5 Latest Threats in Ransomware

Ransomware threats have proven to be a destructive force and are causing a lot of trouble for IT technicians worldwide. People are getting affected and some criminals are...

Ransomware threats have proven to be a destructive force and are causing a lot of trouble for IT technicians worldwide. People are getting affected and some criminals are making fortunes from it. Though ransomware threat has spread largely in recent years, ransomware history begins from 1989. It was at that time when first known ransomware “AIDS” or “PC Cyborg” was written by Joseph Popp.

Increasing attacks of ransomware have alerted common users to place some adequate measures against becoming a victim. Cyber experts are also working hard to provide security against ever evolving ransomware. The problem with these ransomware attacks is that most of them are still unbreakable. Here are some examples of the latest ransomware attacks on users around the world.

Fantom: This is one of the latest ransomware threats which has appeared to target Windows users. Fantom ransomware is written to target those users who are overly worried about their system’s security. This ransomware drops a phony Windows update screen asking users to download a new critical Windows update. Once you agree to download, the malware starts working in the background encrypting your files. It then runs another program called “WindowsUpdate.exe.” which launches a full-display update screen, restricting users from switching applications. Once it completes encrypting files on your system, it displays a ransom note with the message (Decrypt_Your_Files.HTML) and directions to decrypt the files to regain system access.

Fairware: This ransomware is mostly targeting Linux users. Attackers hack Linux servers using this malware. Further, they remove website folder replacing it with ransom note(READ_ME.txt) for the user. It asks victims to make payment of two bitcoins to regain access to affected files. The ransomware attackers do not encrypt files in this attack instead they retain affected files to upload it to the server under their control.

. Zepto Ransomware: This ransomware works similar to conventional ransomware. It encrypts the files on victim’s system and changes the file name to its own extension. zepto. Once the encryption process gets completes, it changes the desktop wallpaper to a ransom note. It then informs the victims how to get the decryption key. It creates files with the similar information in each of the encrypted file folder titled “_HELP_instructions.html”. Attackers demand a ransom of 0.5 Bitcoins to provide decryption key. This ransomware uses strong RSA-2048 and AES-128 ciphers to encrypt.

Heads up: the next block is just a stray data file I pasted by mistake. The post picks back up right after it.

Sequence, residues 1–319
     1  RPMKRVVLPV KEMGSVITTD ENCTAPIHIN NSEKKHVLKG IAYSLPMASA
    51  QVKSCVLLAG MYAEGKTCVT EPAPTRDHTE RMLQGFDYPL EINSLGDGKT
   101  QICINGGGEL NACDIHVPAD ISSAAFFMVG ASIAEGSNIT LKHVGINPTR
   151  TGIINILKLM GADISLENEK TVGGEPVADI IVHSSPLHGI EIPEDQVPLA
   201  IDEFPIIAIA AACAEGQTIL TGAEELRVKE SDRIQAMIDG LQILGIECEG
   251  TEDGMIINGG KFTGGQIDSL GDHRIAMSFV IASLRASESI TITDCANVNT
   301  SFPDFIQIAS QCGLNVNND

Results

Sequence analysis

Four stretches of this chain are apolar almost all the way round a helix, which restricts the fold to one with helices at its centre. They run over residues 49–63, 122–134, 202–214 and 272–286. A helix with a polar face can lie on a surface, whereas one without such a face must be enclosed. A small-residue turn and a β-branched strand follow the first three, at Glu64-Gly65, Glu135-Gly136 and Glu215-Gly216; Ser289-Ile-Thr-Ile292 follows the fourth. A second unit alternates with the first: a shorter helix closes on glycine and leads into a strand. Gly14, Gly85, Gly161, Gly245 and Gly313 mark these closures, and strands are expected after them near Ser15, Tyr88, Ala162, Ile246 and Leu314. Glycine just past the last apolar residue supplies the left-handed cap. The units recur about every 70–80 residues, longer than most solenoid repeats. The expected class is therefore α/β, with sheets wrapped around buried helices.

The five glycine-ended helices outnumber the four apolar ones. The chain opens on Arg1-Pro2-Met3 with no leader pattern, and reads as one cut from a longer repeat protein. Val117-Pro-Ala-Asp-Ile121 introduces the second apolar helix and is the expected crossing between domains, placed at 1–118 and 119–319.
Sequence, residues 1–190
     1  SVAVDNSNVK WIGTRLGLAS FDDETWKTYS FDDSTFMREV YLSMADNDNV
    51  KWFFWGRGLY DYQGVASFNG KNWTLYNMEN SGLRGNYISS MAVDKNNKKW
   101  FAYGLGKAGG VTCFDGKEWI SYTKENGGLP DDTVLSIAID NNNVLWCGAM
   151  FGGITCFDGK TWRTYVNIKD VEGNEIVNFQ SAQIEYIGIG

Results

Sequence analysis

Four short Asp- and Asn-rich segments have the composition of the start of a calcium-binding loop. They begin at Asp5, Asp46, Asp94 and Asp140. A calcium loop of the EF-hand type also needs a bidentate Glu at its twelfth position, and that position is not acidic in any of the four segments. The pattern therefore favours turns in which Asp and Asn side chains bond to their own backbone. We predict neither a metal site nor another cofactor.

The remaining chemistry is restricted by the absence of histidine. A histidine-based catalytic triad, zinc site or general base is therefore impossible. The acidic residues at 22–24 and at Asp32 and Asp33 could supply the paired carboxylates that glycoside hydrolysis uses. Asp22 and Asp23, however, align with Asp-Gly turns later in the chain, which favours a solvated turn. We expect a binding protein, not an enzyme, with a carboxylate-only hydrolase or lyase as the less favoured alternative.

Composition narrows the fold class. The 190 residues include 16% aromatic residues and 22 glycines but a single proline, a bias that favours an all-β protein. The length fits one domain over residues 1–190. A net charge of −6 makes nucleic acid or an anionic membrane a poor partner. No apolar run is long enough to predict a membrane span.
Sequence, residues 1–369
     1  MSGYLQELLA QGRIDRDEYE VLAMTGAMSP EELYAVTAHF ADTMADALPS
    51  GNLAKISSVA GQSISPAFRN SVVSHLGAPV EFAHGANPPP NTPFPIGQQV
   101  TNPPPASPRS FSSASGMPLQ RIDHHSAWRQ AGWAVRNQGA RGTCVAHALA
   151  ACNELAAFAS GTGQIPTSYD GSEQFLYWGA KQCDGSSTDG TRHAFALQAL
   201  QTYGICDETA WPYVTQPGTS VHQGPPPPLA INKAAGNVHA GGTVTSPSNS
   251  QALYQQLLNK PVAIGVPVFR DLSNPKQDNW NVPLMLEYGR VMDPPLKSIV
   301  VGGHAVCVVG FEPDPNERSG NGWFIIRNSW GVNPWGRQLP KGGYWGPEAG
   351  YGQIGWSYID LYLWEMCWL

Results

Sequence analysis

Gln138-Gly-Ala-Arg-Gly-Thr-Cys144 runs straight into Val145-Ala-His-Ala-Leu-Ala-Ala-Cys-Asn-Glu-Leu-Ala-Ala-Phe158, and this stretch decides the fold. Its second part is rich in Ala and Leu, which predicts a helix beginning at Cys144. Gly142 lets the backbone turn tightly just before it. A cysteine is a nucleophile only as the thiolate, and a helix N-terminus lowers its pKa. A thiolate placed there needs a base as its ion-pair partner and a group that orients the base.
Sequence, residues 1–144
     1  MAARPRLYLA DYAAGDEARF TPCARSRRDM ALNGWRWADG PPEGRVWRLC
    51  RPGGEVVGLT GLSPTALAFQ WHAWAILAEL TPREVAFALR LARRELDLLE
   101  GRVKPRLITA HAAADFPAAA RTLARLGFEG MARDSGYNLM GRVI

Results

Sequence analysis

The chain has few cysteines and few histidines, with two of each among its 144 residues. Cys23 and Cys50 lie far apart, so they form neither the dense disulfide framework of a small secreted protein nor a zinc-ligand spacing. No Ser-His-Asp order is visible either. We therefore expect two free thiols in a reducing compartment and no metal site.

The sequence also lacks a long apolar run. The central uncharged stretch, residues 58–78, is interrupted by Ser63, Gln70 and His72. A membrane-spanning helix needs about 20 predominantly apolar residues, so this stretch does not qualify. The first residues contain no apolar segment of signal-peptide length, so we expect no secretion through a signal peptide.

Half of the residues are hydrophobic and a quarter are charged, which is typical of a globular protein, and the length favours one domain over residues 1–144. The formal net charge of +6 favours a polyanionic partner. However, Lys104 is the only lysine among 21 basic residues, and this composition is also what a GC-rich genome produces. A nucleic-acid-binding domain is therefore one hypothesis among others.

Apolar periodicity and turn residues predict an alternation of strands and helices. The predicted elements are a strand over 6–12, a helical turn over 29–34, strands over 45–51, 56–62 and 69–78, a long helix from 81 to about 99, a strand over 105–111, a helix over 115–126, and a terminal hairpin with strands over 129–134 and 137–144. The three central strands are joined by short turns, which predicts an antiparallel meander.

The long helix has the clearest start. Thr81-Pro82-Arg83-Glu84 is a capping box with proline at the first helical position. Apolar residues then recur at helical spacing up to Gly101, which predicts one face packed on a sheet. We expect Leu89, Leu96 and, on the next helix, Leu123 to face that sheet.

Locky: A new version of Locky ransomware has been circulating for since the beginning of September. It includes an embedded RSA key and it doesn’t communicate with C2 servers. This embedded RSA key allows Locky to encrypt files on a victim’s computer without having to contact their system’s Command & Control server. This malware is spread using contaminated emails and attachments. Once you click on these infectious links it starts encrypting your system files in the background and changes the files extension to “.locky”. Once files encryption is done, it displays a ransom message and directions on how to get the decryption key.

Locky uses RSA-2048 and AES-128 encryption. It changes the file extension of all files on the system including videos, image, source code and office files. It demands 0.5 to 1.00 bitcoin against the decryption key. Researchers are trying hard to get the permanent solution to it by working on a program to decrypt locky files.

Petya and Mischa: This combo malware is distributed via a spam emails posing as a job application. These emails contain a link to an online file storage service and a malicious executable file as a PDF document. Petya replaces the computer’s MBR or master boot record with its own malicious code. It further encrypts the system’s Master file table (MFT) which leaves the computer unable to boot. In order to overwrite the master boot record after it infects a system, Petya need to obtain administrator privileges (which is necessary to continue infection routine) via the User Account Control mechanism in Windows.  However, in the case of Mischa, which is the latest variant of Petya, it starts encrypting user’s files directly without any special privilege. Mischa demands 1.93 bitcoins as ransom. If this ransomware duo is downloaded and executed, the malicious PDF file first tries to install Petya and if it fails then it installs Mischa.

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2 comments

  1. Emma Mcclellan Reply

    Kaspersky Security Network released a new report which published they had detected and blocked around 27,000 plus attempts by hackers at encrypting company data between Q3 2015 and Q3 2016. The year before Kaspersky noticed around just over 3,000 attacks. This continues to be something that businesses should take very seriously, as they are popular targets for creators and distributors of ransomware because essentially, business is where the money is.

  2. Kraul Reply

    New variations of ransomware strains appear on a daily basis. Whil people are willing to pay the ransom, cybercriminals will continue to create more sophiscated variations which are difficult to decrypt